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Oral surgeons opt for ibuprofen over opioids

August 30, 2017
by Julie Miller, Editor in Chief
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Many medical specialties have come to a crossroads where they must reconsider how they handle patients’ pain in light of the opioid crisis. This week, the American Association of Oral and Maxillofacial Surgeons (AAOMS) released prescribing guidelines that call for ibuprofen instead of opioids for pain.

AAOMS recommends ibuprofen as a first-line therapy for patients’ acute and post-surgical pain and notes that simultaneous use of ibuprofen and acetaminophen can rival opioids in their analgesic effect.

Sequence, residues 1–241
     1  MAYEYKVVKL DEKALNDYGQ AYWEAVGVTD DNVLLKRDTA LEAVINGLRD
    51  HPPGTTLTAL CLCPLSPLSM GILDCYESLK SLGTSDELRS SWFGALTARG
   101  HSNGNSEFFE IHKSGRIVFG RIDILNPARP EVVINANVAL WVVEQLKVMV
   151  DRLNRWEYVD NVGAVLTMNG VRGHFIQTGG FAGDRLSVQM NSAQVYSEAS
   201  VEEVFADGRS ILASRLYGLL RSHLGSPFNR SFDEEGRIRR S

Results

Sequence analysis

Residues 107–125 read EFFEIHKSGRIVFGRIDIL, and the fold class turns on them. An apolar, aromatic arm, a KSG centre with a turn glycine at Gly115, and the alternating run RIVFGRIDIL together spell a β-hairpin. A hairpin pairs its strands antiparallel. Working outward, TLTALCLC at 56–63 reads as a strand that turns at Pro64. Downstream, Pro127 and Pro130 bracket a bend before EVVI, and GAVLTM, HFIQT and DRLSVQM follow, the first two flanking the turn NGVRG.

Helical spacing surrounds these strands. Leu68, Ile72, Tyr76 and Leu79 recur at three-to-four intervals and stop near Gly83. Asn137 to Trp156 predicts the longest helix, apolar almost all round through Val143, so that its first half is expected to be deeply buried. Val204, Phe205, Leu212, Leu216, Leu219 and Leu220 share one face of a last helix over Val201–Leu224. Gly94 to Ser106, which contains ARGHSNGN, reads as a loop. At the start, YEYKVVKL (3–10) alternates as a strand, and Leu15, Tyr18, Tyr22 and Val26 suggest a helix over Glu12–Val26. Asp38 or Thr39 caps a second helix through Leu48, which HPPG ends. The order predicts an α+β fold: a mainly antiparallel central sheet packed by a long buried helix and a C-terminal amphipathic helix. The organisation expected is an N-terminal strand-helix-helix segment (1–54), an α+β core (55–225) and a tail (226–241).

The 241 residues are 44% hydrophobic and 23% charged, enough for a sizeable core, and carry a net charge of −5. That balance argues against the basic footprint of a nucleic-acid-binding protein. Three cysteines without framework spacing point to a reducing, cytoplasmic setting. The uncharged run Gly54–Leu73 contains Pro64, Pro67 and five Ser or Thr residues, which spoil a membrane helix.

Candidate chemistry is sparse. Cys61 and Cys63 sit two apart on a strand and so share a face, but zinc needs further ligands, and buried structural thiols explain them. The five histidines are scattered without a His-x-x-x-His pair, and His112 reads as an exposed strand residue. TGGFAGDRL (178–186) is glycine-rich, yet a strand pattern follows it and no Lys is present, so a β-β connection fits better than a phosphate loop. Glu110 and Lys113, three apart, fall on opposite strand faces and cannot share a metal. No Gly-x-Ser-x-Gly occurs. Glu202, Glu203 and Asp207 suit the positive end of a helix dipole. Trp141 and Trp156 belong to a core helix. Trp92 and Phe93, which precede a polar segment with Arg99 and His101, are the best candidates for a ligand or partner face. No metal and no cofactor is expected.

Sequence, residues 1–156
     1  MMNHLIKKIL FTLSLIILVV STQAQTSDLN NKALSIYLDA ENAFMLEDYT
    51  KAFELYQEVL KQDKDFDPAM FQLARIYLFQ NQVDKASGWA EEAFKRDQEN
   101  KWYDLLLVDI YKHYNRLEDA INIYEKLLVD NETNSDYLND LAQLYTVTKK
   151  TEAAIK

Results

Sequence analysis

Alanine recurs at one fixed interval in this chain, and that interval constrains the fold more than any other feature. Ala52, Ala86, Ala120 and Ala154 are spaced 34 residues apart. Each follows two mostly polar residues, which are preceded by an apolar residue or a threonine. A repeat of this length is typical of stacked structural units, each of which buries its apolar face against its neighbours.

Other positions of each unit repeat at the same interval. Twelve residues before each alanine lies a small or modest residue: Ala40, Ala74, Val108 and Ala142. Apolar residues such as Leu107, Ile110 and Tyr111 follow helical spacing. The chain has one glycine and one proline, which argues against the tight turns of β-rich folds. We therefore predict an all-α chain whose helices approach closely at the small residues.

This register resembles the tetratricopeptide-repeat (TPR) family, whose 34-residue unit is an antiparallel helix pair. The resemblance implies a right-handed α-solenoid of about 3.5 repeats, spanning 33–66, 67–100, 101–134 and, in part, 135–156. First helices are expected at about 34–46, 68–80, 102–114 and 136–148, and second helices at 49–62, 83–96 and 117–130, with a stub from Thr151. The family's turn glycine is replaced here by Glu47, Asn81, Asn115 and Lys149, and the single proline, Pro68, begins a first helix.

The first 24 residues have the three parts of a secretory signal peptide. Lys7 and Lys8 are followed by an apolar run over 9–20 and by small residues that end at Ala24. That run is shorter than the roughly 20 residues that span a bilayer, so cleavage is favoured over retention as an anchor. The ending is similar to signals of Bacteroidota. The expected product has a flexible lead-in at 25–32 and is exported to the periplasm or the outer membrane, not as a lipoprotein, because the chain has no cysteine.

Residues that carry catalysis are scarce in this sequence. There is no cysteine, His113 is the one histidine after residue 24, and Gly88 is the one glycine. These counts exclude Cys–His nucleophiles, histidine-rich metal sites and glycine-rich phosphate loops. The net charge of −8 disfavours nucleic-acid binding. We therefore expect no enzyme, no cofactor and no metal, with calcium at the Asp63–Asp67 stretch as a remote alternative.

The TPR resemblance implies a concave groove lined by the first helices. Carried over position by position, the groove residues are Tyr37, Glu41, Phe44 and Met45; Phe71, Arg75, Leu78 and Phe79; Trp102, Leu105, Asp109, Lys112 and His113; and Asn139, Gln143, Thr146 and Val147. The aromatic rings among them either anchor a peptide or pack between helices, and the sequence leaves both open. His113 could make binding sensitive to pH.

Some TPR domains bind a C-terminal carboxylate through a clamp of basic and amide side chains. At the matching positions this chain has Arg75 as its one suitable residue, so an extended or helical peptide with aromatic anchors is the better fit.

But practitioners should also use their judgment to manage pain, according to the recommendations. For surgeons that prescribe opioids, AAOMS recommends beginning with the lowest possible effective dose for the shortest duration possible. They are also encouraged to use state prescription-drug monitoring programs and to discuss opioid risks with patients.

Guidelines advise that extended-release opioids should be avoided and reference the Centers for Disease Control and Prevention's guidelines for prescribing opioids for chronic pain.

According to AAOMS, surgeons can consider use of corticosteroids during surgery to limit swelling and use a long-acting local anesthetic to postpone the onset and severity of post-surgical pain.

 

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